]. even if none occurs at present. a listener can conclude there has been Pygmy contact in the past. The Mangbetu. all of them are expected to perform traditional polyphonic songs. Instead. Their polyphony is based mostly on pentatonic and hexatonic scales [five-note and six-note scales respectively – we discussed them earlier]. Cited in: Kubik. According to Lomax. these neighbors adopt a pygmy style of singing. Pygmies had a tremendous impact on the musical style of the whole Central Africa. The same way. Traditional singing practices are very much alive. In one musical genre or another. as in East Africa. zokela style) using the wealth of the musical landscape of their . J. 1998:671). however imperfectly. in the southwestern Central African Republic and southeastern Cameroon. European hymns were later replaced by the compositions of the native composers (such as Joseph Kiwele. 1998:658). Bantu-speakers such as the Mpuems and Mpompo. most of the borrowings by the Pygmies from the neighbor’s musical cultures were those of different musical instruments. Changes did not stop at that. “When two or three Pygmies are gathered together. whose outstanding musical and rhythmic sense has been highly revered by Europeans. and particularly the tradition of polyphonic singing. As for the vocal style. they always sing polyphonically. 1963-1964: B 8650) … The strength of Pygmy musical culture also shows in the fact that the Pygmies’ neighbors have almost invariably borrowed. speakers of a Central Sudanic language in northeastern Zaire. 1980:20:630. 1957). and associating with the Tikar chief of that town (Kubik. and they employ parallel movement of melodic parts and the vertical coordination of parts according to the above-described principle of “skipping one step”. The contemporary pop-music scene in Central Africa is one of the most active and competitive in Africa. “Even today Congo Pygmies are regarded by their Negro neighbors as master entertainers who can outperform them on their own drums and in their own dances” (1968:18). the Pygmies’ vocal polyphony. on finding Pygmy-style vocal polyphony among any sedentary population in Central Africa. have also adopted some elements of Pygmy polyphony.38 as witness recordings by barely a dozen individuals staying at Ngambe (in the Cameroon grasslands). Pygmies are considered to be much more skillful and talented musicians. Interestingly. such as the Tikar.” (Kubik. I have never heard Pygmy choral singing in unison” wrote Rouget in 1959. Christian missionaries found great interest in local populations towards the Christian religious polyphonic hymns. Vocal polyphony of non-pygmy populations of Central Africa is very close to the East African polyphonic traditions. 1998:671). “In some churches even dances has been introduced [obvious courtesy to the strong local tradition of the unity of singing and dancing. Ethnomusicologists note that it is not easy to put a clear border between the terms “traditional”. have adopted Pygmy musical traits. and many local musicians are creating contemporary bands with electric instruments and are creating their own original music (for example. but so have semi-Bantu-speakers. Even among the black Africans. Polyphony up to seven parts had been documented among pygmies (Grimaud & Rouget. Therefore.J. notably in a dance called Ngbanya and in hunting songs called nswe. “popular” and “modern” in this region. Pygmies do not have professional musicians. Their musicality and ability to sing naturally in parts is quite astounding. and the interior of the church adapted accordingly (Mapoma. Kubik. which quite often associates with hunting songs.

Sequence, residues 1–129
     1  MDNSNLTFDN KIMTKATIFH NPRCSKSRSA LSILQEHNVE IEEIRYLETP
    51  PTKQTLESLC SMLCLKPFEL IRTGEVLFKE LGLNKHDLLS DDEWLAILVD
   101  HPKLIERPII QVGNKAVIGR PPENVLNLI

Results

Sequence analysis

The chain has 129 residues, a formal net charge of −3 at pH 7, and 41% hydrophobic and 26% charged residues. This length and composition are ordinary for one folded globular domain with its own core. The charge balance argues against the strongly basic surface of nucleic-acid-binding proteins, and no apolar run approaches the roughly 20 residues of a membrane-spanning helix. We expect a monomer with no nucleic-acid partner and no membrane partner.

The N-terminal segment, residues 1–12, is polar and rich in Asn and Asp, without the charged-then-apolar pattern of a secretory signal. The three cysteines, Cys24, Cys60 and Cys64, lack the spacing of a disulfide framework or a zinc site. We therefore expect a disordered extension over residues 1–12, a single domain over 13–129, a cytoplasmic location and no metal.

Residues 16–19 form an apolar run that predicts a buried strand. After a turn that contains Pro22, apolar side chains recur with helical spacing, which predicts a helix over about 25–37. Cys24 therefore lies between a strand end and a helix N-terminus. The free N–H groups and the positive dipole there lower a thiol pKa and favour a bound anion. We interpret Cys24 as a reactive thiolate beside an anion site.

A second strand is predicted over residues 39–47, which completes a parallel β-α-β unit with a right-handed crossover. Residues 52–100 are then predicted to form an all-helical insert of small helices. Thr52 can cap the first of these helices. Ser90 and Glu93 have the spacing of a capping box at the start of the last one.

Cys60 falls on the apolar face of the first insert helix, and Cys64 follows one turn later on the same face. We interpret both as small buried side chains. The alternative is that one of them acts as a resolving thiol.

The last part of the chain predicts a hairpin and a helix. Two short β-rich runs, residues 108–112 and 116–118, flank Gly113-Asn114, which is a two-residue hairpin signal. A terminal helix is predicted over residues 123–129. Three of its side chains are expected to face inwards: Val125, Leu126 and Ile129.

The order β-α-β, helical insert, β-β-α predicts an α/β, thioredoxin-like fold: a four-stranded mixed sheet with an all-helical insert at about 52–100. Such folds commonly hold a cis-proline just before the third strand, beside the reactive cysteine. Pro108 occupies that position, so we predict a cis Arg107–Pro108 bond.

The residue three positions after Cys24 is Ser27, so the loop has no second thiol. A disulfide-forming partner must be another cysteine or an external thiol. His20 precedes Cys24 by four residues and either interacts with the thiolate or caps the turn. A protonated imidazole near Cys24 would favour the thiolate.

Namibia. followed immediately with the syllable “kung”). or that can be substituted for each other. though thoroughly modern. Botswana. 1998:696). for example. 1998:701). Southern Africa This region comprises countries south of Zambezi River: lower parts of Angola. the first deals with their polyphony. and “San” for the hunter-gatherer Bushmen. especially bird calls” (Kubik. So. and relevant ends” (Kisliuk. and South Africa. Another characterrristic feature of San music is quite wide use of canon in their polyphony (England. It is believed that carriers of Khoisan languages lived on a much wider territory of the African continent before the advance of Bantu speaking peoples from the northern regions. so in South Africa the “match of speech tone with melody is more a matter of aesthetics than comprehension” (Kaemmer. that singing traditions of south African peoples are not so highly dependent upon the speech tones as are. 1985:208) The best known feature of Khoisan languages is the presence of specific clicking sounds (indicated traditionally in Western writing system by the exclamatory sign “!”. and trying to find their voices on the expanding local or world market. although Kubik notes that there are no asymmetric times used in music of !kung people (Kubik. Native populations of southern Africa speak languages of two groups: (1) Khoisan languages and (2) Bantu languages. Another interesting trait of San music is the “near absence of song texts. teenagers in Bagandou village enjoy performing the dances of their Bolemba pygmy neighbors. The name “Khoisan” comes from the names of two different peoples: “Khoi” (or “Khoikhoi”) for pastoral Hottentots. Polyphony is one of the central elements of their traditional music. to pronounce the name of one of the groups San people. Like the Pygmies polyphony. but extensively employ the imitations of animal sounds. Most of the Khoikhoi groups either disappeared or have been assimilated among the Bantu speaking populations. which is crucial for the “musical profile” of the Central Africa. Regarding the use of speech tones scholars note. based on the simultaneous use of duple and triple rhythm is also an important feature. 1998:715). and southern Angola.39 environment. John Blacking noted the interesting “principle of harmonic equivalence: tones that can be sounded simultaneously. you would need to make a clicking sound with your tongue. Both of these peoples differ physically from the rest of the people in other regions of Africa. distinguished by Kubik. and Mozambique. . we may say that the “musical profile” of South Africa is mostly defined by the polyphonic traditions of the carriers of Khoisan languages. rooted. Carriers of Bantu languages advanced in this region within the last thousand years and pushed the indigenous peoples of this region to more inhospitable regions (Phillipson. 1998a:307). Namibia. The San live today in parts of Botswana. 1967:61). Among the “eight principal traits” of San traditional music. singers mostly use syllables and isolated words. as well as Zimbabwe. must belong to the same harmonic series” (Kubik. and the village children in turn inspire Aka pygmies in their forest and zokela musicians in the city to interpret similar styles – all to different. 1998a:307). peoples in West Africa. “In a flourishing and ever-changing expressive world. say. Wide use of polyrhythmic (characteristic for the most of African music though). Zambia. including their wide use of yodeling. !kung.